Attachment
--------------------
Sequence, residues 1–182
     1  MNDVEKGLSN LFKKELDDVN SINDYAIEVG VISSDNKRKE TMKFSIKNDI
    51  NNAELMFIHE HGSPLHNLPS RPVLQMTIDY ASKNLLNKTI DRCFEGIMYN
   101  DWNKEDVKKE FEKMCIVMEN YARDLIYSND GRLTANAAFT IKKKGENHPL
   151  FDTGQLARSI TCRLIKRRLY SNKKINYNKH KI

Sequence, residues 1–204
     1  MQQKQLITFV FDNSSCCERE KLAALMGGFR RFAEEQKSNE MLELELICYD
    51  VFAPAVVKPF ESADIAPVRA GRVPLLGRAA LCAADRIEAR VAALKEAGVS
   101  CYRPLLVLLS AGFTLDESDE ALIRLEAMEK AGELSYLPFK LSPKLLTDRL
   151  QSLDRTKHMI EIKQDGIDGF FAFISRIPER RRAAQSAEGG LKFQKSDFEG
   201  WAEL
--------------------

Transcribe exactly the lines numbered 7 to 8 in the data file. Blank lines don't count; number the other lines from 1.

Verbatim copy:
     1  MQQKQLITFV FDNSSCCERE KLAALMGGFR RFAEEQKSNE MLELELICYD
    51  VFAPAVVKPF ESADIAPVRA GRVPLLGRAA LCAADRIEAR VAALKEAGVS